The Economy

Hiring, Hesitantly

CFOs continue to add staff cautiously as they monitor demand.
Kate O'SullivanSeptember 1, 2012

Business is growing at Niles Bolton Associates, and director of finance Pat Neeley says the Atlanta-based architecture firm has increased its staff by 15% to 20% from last year. Still, like many of her peers, she is far from upbeat. “We’re not really confident that the growth we’ve seen will continue in the second half,” she says. “We have hired quite a few people this year, but we’re not going to make the broad assumption that that growth is going to continue through the end of the year. It’s so unsure.” Indeed, last year the company started out strong, only to see business slow in the latter part of the year.

When CFO last asked finance chiefs about their hiring plans, in March 2011, 24% said they were certain they would add staff that year, while another 38% said it was very or somewhat likely. Now, in our latest Deep Dive survey, completed by 213 senior finance executives in July, just 8% say they are certain they will increase full-time employment in 2013, but another 51% say it is likely. More than half of CFOs say they will likely increase their part-time staff in 2013, and 30% say it is likely they will increase hiring of offshore workers or contractors.

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So while hiring plans continue to move forward — and 64% of finance executives say their companies are actively looking to fill open positions — there has hardly been a rapid pickup of the pace. “We seem to be stuck,” says Neeley. “It seems to me we’re in the same place we were this time last year.”

Indeed, with the U.S. unemployment rate still hovering above 8%, economic growth slowing to 1.5 % in the second quarter, and recent reports showing just a half a percentage point of wage growth from May to June, Neeley’s sentiment applies well to the broad economy. Still, there are signs of life: in July, the U.S. economy added 163,000 jobs, according to the Department of Labor, far exceeding forecasters’ expectations.

What will finally lead companies to hire more enthusiastically? Not surprisingly, finance chiefs believe an increase in revenue will play the greatest role in determining whether their companies expand their workforces this year. Increasing margins and the introduction of new products or services are also important factors, as are entry into a new market or region and general confidence in the overall economy.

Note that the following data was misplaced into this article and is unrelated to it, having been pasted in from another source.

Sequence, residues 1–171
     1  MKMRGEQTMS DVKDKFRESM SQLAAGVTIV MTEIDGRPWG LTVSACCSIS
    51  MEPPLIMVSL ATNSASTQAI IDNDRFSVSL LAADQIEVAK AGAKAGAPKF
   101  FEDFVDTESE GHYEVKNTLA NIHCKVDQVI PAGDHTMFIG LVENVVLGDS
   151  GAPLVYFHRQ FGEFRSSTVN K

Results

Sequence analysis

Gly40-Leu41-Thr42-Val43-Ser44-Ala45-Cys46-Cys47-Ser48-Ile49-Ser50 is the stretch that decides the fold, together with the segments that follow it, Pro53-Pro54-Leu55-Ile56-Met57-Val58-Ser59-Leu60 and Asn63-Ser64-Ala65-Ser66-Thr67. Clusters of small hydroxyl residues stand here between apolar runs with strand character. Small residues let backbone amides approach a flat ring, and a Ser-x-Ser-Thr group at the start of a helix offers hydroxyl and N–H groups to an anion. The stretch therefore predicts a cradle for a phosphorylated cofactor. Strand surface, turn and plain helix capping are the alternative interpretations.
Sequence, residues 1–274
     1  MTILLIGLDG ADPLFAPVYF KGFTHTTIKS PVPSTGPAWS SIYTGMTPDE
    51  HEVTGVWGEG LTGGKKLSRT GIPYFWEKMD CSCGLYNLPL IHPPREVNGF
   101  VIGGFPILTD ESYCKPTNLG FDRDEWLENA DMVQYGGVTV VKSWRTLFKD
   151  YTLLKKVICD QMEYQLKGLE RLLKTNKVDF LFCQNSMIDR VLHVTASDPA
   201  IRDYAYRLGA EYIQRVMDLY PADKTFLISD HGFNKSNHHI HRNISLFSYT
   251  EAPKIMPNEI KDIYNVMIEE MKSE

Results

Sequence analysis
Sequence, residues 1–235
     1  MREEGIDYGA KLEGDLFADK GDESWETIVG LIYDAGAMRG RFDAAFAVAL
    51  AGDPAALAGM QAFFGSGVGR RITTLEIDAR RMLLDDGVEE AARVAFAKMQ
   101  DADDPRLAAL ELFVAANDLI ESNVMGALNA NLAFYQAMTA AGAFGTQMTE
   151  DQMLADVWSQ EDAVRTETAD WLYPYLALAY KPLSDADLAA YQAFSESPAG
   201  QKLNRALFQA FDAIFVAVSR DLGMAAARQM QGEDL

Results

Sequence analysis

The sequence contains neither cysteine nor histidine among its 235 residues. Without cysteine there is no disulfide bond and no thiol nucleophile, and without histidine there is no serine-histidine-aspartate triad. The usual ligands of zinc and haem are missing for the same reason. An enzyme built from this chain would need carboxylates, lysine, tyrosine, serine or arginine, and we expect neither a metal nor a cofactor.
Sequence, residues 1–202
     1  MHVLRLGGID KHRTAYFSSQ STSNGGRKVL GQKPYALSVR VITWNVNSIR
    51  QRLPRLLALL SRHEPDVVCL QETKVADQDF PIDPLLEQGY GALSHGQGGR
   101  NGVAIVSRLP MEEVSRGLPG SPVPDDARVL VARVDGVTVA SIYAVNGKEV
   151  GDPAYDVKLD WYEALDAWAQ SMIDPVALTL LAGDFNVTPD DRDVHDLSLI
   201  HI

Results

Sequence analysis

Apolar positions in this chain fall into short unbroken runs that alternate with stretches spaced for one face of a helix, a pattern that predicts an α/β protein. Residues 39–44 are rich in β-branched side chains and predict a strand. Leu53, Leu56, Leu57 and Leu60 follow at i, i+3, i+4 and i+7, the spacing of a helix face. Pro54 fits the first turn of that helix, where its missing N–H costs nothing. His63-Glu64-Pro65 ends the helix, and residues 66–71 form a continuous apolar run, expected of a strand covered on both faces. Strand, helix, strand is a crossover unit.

At Niles Bolton, which specializes in multifamily buildings, Neeley says the company brings people in as it lands new projects. But since the firm hires employees only on a full-time basis and not by the project, managers need to feel confident about the pipeline of work, too. “For us it’s a commitment,” says Neeley. “We have to know we have enough work to sustain that person.”

Dipping Into the Talent Pool
When a CFO does decide to green-light a new hire, the process of finding the right person can be surprisingly challenging, given the relatively large pool of available talent. More than half of the finance chiefs surveyed have had trouble filling an open position in the past year. Sentiment about potential candidates is lukewarm: of those who plan to hire either full or part-time workers in 2013, 57% say they are somewhat confident that they can find qualified candidates, while 17% are very confident and 12% are not confident. Fourteen percent say their confidence varies depending on the position that needs filling.

At SolarWinds, an IT management software company based in Austin, Texas, CFO Mike Berry is hiring regularly to keep pace with the company’s rapid growth. As he expects revenue to increase by about 30% over 2011 this year, Berry says head count should expand by the same amount.

For the most part, Berry says SolarWinds has been able to find highly qualified candidates in its various global locations, including its European headquarters in Ireland and development centers in India and the Czech Republic. Still, he says, “every once in a while we’ll look for a very specific skill set that we can’t find here in Austin, and we have to work a little harder to bring those folks in.” In finance, Berry says he’s had good luck finding planning and accounting staffers both in Austin and in Cork.

Neeley says Niles Bolton has also identified good candidates. She says it has “found plenty of architects available,” although she too notes that the company has occasionally struggled to find high-level staffers with very specific skill sets.

As for their existing employees, more than half of CFOs are somewhat concerned that valuable employees will depart should the employment picture improve in 2013, while 16% say they are very concerned. Those numbers are up slightly from the March 2011 survey, when 49% were somewhat concerned and 15% were very concerned.

Finance chiefs plan to make a variety of efforts to retain staff in the year ahead, citing larger wage and salary increases than in 2012, increasing training and development budgets, and restoring or increasing bonuses as the measures they will be most likely to take first.